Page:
A participant at SXSW Conference and Festivals experiences the Virtual Cinema. Different VR/AR content producers showed off their latest productions at the cinema. (Photo: Rick Jervis/USA TODAY)
Each year, the gathering of tech-film-music enthusiasts highlight virtual reality/augmented reality, or VR/AR, technologies that seem to be on the brink of widespread use — but never quite get there. Content, more so than the technology, always seems to be lacking.
This year, for the first time in its 31-year history, SXSW organizers created a "Virtual Cinema," where VR/AR content creators could show off their best stuff. I headed up to the fourth floor of the JW Marriott in Austin to check out the cinema and see where the technology stands. In the middle of the hallway, users put on a set of goggles and headphones and dove into virtual worlds, as a half-circle of LED screens around them displayed versions of what the user was experiencing.
On the day I went, Saturday, INITION, a London-based production company specializing in 360-degree and VR/AR productions, was showing off "Spatium," a mind-bending experience based on the works of avant-garde hat designer Philip Treacy.
As I waited my turn, Olivia Lory Kay, one of the project's executive producers, told me virtual reality has been slow to reach the masses because the larger hardware manufacturers (Sony, etc.) were slow to invest in the concept. But as hardware advances and investments have scaled up in recent years, so have applications, particularly in fields like healthcare and oil and gas, she said.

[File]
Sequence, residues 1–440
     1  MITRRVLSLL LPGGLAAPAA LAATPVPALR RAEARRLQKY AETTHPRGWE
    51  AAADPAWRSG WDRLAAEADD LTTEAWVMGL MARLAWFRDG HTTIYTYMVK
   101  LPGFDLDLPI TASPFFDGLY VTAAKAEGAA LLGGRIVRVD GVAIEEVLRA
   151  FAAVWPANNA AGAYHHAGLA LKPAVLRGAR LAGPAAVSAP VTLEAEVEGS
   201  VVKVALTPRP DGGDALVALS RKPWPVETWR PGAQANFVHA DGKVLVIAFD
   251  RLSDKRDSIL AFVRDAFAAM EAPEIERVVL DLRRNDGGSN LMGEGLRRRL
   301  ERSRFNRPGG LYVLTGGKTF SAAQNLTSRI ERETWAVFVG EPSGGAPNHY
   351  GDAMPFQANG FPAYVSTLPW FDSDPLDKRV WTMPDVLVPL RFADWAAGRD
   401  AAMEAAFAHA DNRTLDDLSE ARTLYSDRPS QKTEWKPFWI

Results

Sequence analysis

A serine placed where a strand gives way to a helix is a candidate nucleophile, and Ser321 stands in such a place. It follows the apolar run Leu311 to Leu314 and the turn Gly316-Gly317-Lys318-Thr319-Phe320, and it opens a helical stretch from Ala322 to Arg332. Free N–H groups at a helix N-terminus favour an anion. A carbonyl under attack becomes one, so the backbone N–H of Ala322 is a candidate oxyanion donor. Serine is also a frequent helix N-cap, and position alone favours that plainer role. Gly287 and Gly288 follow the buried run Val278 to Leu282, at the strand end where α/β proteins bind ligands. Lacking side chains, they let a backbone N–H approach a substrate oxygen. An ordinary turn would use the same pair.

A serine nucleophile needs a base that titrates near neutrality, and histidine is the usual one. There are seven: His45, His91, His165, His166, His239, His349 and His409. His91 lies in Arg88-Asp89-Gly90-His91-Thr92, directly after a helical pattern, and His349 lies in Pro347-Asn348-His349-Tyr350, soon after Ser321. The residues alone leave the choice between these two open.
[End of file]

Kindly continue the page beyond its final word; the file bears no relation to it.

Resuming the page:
VR/AR could be seeing more widespread use within the next three to five years, Kay said. "We're one step closer," she said.
Sounded enticing. I gave it a shot.
As I pulled on the goggles — noticeably smaller than past bulky contraptions — and headphones, the hotel hallway disappeared and I stepped into an enormous darkened hanger-like structure. I looked down at the wireless handles I was given and saw humanlike hands in my virtual world. As a haunting soundtrack played in my ears, the walls of the hangar moved and oscillated like enormous works of art. Suddenly, the ground melted and re-formed into a small stage, beyond which was a steep drop off into swirling waters below. My stomach turned. I stayed away from the edge.
The five-minute experience was surreal and definitely transported me to another place. But it also felt a little twitchy and rudimentary, like early '80s arcade video games, and made me feel a little nauseated.
Even if the graphics were crystal clear and served a clearer purpose, I still would question the draw of being trapped in a stomach-churning alternate universe that instructs you what to imagine rather than allowing your own neuro synapses to fire on their own.
Mark Zuckerberg invested $3 billion in the technology, so there's obviously something there. For now, though, I still don't see it.